Communicating with words and more
Learning to communicate involves more than just knowing what words to say. There are questions of how you say those words, when to use them appropriately, and also how to express yourself with your body, hands, and behaviors. I watched a World War II film recently in which an Englishman spying on German soldiers inadvertently seals his fate. He orders three drinks by holding up his middle three fingers–rather than using a thumb and two fingers as a German would–and this simple gesture gives him away. Now, most cultural ‘faux pas’ won’t cause life or death consequences, but knowing the cultural etiquette of a country you are visiting can help you avoid embarrassing situations and manage the expectations you might have!
It’s about time.
In Greece or Brazil, punctuality is not extremely important; however, in Luxembourg you are likely to offend if you are not on time for a meeting. Knowing the cultural expectation will help you know how to respond if you get out the door behind schedule.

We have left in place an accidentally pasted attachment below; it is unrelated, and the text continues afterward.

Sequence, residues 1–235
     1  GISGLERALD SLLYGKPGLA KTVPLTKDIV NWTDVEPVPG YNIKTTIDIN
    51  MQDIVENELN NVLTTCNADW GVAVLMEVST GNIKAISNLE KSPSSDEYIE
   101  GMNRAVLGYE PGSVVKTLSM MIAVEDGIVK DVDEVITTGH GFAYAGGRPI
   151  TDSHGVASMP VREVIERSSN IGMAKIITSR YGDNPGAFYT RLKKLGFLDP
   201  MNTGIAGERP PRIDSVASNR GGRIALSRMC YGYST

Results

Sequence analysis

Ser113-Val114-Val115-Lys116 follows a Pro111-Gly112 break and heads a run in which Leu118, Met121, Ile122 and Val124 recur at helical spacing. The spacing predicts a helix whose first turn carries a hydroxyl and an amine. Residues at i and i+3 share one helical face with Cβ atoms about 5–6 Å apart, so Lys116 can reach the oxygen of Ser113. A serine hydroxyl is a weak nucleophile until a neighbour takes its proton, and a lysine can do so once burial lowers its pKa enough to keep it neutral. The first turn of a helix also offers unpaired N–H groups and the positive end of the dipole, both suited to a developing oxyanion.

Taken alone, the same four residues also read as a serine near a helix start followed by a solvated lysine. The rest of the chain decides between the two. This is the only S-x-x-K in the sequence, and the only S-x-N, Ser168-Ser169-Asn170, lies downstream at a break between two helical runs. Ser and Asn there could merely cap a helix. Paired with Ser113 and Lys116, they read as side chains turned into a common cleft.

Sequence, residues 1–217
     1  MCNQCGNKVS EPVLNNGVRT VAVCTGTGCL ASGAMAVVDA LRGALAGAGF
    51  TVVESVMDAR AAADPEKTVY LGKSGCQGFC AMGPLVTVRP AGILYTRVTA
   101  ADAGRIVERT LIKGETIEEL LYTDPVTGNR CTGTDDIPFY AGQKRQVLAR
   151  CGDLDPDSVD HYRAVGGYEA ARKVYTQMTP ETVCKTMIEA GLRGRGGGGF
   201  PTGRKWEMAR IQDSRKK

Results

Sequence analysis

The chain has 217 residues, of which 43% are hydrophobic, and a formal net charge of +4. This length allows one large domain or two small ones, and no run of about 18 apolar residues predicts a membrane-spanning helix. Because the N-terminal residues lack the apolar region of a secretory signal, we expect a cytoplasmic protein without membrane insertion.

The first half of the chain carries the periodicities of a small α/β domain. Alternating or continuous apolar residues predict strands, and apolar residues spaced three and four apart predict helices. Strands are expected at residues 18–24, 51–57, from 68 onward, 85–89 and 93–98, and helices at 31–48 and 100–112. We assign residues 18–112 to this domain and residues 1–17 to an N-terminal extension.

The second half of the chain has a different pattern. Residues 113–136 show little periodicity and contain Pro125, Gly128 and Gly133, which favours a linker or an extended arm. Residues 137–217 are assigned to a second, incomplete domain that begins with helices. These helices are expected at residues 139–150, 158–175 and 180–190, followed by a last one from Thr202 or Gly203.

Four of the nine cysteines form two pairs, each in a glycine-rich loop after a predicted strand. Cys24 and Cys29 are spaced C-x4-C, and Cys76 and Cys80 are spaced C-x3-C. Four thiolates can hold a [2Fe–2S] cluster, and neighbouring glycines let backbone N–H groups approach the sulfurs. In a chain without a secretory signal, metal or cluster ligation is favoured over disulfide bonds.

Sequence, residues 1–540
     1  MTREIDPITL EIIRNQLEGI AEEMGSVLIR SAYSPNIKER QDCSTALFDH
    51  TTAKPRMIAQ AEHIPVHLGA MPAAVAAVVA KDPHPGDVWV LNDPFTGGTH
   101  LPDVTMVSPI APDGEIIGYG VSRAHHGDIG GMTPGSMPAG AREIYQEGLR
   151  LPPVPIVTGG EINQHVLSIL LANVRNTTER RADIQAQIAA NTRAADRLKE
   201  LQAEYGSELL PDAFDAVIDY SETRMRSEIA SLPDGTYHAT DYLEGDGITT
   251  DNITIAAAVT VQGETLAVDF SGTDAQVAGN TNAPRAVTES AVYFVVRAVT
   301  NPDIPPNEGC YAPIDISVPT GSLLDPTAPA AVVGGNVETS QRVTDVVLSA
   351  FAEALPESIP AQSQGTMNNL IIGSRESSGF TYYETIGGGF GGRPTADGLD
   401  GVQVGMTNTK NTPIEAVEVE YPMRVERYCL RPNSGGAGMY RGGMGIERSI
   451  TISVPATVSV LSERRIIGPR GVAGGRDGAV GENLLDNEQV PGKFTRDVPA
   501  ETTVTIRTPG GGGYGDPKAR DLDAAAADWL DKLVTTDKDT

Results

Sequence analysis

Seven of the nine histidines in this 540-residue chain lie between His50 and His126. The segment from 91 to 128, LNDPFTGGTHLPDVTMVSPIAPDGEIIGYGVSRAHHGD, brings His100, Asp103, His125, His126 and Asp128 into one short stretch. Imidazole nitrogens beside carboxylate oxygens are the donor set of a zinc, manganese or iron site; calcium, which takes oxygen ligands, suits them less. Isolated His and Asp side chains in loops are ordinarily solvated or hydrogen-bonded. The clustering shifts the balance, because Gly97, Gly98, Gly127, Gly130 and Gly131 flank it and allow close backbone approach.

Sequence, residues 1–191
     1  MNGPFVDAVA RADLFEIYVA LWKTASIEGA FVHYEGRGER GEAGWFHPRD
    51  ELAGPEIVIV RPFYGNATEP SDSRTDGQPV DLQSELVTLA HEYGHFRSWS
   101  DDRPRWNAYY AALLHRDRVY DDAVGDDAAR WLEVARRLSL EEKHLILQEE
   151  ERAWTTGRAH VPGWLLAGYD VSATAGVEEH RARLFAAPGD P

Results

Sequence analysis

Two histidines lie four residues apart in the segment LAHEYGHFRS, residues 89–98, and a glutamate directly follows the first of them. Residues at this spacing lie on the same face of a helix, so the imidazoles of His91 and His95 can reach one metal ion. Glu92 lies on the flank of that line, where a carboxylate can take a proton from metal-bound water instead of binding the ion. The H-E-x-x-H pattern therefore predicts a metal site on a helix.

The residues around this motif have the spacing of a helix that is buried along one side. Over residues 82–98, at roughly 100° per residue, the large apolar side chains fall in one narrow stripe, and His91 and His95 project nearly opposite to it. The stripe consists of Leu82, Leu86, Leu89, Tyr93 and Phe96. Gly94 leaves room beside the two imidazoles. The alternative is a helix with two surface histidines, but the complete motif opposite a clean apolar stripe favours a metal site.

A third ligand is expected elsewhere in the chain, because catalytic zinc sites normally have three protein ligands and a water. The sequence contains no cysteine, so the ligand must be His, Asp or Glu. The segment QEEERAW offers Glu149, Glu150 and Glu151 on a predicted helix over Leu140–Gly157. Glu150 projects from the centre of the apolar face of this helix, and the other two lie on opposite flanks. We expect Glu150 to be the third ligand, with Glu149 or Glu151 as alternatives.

Nice to meet you.
In many cultures, conversations begin with questions about how your family members are doing. Take the time to answer and inquire about the other person’s family–these are not considered personal intrusions, but rather expressions of concern, respect, and politeness.
Don’t get touchy.
Russians might use lots of hugs, back-slapping or other physical displays when conversing, while Taiwanese are more reserved and may nod rather than shake hands upon first meeting. In some countries, people stand very close when talking. To others, this may feel like an invasion of ‘personal space.’
Take time to learn about the cultural etiquette of different countries. This site offers many examples of behaviors to expect when greeting, meeting, dining, and visiting other countries. After reading about other places, what examples of cultural etiquette can you give for YOUR country? List your thoughts below in our comment section!